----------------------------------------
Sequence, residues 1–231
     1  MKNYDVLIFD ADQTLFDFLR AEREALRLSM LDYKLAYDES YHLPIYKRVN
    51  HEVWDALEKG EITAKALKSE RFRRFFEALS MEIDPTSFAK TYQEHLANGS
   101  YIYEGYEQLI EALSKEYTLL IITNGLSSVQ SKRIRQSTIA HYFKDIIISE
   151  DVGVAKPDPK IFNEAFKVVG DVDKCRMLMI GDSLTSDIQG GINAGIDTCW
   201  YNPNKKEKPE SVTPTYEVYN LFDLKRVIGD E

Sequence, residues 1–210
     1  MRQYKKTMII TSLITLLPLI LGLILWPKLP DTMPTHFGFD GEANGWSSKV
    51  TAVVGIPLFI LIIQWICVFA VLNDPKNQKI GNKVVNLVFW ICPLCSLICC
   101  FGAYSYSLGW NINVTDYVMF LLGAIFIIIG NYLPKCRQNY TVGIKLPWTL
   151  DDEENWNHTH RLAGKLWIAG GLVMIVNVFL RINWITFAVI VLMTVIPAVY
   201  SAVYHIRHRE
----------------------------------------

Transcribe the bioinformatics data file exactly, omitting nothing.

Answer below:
Sequence, residues 1–231
     1  MKNYDVLIFD ADQTLFDFLR AEREALRLSM LDYKLAYDES YHLPIYKRVN
    51  HEVWDALEKG EITAKALKSE RFRRFFEALS MEIDPTSFAK TYQEHLANGS
   101  YIYEGYEQLI EALSKEYTLL IITNGLSSVQ SKRIRQSTIA HYFKDIIISE
   151  DVGVAKPDPK IFNEAFKVVG DVDKCRMLMI GDSLTSDIQG GINAGIDTCW
   201  YNPNKKEKPE SVTPTYEVYN LFDLKRVIGD E

Sequence, residues 1–210
     1  MRQYKKTMII TSLITLLPLI LGLILWPKLP DTMPTHFGFD GEANGWSSKV
    51  TAVVGIPLFI LIIQWICVFA VLNDPKNQKI GNKVVNLVFW ICPLCSLICC
   101  FGAYSYSLGW NINVTDYVMF LLGAIFIIIG NYLPKCRQNY TVGIKLPWTL
   151  DDEENWNHTH RLAGKLWIAG GLVMIVNVFL RINWITFAVI VLMTVIPAVY
   201  SAVYHIRHRE